Productive organizations were discovered to have high levels of cooperation, coordination, and mutual concern. The principle of supportive relationships contributes to increased positive motivation: “The leadership and other processes of the organization must be such as to ensure a maximum probability that in all interactions and all relationships with the organization, each member will, in light of his or her background, values, and expectations, view the experience as supportive and one which builds and maintains his or her sense of personal worth and importance.”8 Leaders of work groups, along with their members, must be relatively sensitive people with reasonably accurate insights into the feelings, actions, and behavior of others—they must be supportive.
The Contribution of the Human Relations School.
For the researchers interested in developing the human organization, involving people was not simply a management technique. “It was the bedrock of social learning, requiring goal focus, feedback, leadership, and participation by all the relevant actors.”9 Unfortunately, these new social processes were in many cases “pasted on” existing organizations which had been designed using the machine bureaucracy model. Unwilling to engage in a fundamental reorientation, those higher in the organization often used the techniques of participative management to create a false sense of involvement, thus inappropriately manipulating those lower in rank. The insights of the human relations approach continue to challenge organizations critically to examine their structure and intentionally to equip managers and employees with genuine group skills.
The human relations orientation emphasizes the social process: the role of participation, communication, and supportiveness. In comparison to classical management, this approach works from a very different set of assumptions: (1) people want to work and produce quality products; (2) through participation, people’s energies can be enlisted in service of organizational goals; and (3) there is potential power in groups or teams of people working together collaboratively.10 Its major contribution is the humanizing of the workplace through the recognition of how the social needs and personal satisfactions of persons influence their commitment, cooperation, effort, and overall contribution.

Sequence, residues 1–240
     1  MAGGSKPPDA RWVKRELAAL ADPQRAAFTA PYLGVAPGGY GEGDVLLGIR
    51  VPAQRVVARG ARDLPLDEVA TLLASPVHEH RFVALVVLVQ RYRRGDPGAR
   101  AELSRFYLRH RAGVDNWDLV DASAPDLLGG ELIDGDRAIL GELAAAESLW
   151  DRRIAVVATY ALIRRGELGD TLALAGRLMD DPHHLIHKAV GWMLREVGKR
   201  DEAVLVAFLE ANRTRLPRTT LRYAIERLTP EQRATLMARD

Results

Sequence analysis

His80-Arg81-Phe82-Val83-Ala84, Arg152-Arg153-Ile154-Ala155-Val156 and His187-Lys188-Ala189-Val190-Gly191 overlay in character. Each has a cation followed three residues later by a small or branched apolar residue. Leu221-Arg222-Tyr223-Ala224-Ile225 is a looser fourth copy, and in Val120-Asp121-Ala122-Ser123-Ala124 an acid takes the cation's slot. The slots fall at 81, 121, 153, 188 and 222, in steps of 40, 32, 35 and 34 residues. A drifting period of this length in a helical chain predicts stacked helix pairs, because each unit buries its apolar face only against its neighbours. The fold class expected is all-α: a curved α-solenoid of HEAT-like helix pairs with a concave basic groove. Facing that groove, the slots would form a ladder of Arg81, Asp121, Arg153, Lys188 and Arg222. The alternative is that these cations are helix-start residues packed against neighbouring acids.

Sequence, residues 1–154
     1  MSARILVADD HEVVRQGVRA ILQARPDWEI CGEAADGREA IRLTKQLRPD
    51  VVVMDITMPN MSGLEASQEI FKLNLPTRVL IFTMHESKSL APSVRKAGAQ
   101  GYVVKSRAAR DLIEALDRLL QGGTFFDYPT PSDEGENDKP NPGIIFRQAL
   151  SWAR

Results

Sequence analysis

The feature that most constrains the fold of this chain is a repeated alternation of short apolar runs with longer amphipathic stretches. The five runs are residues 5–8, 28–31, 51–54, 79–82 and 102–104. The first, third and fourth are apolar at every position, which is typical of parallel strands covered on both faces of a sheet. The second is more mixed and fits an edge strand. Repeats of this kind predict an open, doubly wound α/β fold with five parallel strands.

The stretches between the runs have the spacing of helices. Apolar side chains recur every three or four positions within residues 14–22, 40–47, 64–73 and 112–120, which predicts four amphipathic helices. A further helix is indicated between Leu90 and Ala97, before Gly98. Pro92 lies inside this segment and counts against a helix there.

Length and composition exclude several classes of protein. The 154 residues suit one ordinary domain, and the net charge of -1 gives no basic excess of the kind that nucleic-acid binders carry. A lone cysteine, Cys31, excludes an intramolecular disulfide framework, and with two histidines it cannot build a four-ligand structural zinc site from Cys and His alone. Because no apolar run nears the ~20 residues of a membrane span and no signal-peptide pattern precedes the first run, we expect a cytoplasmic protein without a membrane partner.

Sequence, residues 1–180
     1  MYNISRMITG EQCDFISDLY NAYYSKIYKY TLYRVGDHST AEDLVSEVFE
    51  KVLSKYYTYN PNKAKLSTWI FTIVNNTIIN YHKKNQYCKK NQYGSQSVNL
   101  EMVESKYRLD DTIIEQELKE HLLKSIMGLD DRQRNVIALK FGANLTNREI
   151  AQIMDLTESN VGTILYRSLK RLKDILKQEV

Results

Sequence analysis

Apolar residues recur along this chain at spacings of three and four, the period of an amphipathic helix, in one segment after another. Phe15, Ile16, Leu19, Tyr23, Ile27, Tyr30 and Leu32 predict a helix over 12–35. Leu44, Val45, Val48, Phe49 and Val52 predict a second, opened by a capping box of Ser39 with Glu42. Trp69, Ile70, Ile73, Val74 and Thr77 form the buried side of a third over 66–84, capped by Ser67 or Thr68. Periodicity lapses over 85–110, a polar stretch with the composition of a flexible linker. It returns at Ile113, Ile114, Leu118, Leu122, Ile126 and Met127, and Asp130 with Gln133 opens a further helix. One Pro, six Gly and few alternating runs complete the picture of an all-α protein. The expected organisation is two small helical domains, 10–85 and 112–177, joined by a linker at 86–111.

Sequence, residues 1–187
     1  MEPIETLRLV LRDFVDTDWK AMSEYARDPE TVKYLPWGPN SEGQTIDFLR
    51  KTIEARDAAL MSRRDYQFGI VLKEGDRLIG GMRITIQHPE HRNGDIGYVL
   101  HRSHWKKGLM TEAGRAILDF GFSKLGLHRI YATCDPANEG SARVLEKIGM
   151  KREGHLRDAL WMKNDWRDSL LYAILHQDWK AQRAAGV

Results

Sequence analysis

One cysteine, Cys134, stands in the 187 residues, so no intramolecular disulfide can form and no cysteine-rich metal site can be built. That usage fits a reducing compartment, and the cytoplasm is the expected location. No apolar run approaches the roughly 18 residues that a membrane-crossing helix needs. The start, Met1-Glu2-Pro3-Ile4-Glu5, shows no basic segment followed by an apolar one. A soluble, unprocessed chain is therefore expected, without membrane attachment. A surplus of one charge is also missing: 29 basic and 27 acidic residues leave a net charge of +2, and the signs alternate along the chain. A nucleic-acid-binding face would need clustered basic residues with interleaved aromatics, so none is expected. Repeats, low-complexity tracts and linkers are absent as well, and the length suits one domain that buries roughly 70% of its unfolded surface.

Questions for Reflection and Discussion
- How did the human relations approach differ from the classical management approach?
- What was learned through the Hawthorne Studies?
- Identify the work groups in your congregation. How are they related to one another?
- Why is the principle of supportive relationships important?
- In what ways is your congregation structured to facilitate participation, communication, and supportiveness?
- What can be learned from the Human Relations School about church organizational life and practice?
1 David G. Bowers, Systems of Organization: Management of the Human Resource (The University of Michigan Press, 1976), pp.2-3.
2 Marvin R. Weisbord, Productive Workplaces: Organizing and Managing for Dignity, Meaning, and Community (Jossey-Bass Publishers, 1987), p. 5.
3 Gareth Morgan, Images of Organization (Sage Publications, 1986), p. 42.
4 Amitai Etzioni, Modern Organizations (Prentice-Hall, 1964), pp. 34-38.
5 Morgan, Images of Organization, p. 41.
6 Weisbord, Productive Workplaces, p. 155.
7 Ibid., p. 89.
8 Rensis Likert, New Patterns of Management (McGraw-Hill, 1961), p. 103.
9 Weisbord, Productive Workplaces, p. 94.
The Rev. Inagrace Dietterich, Ph.D. is the Director of Theological Research at the Center for Parish Development.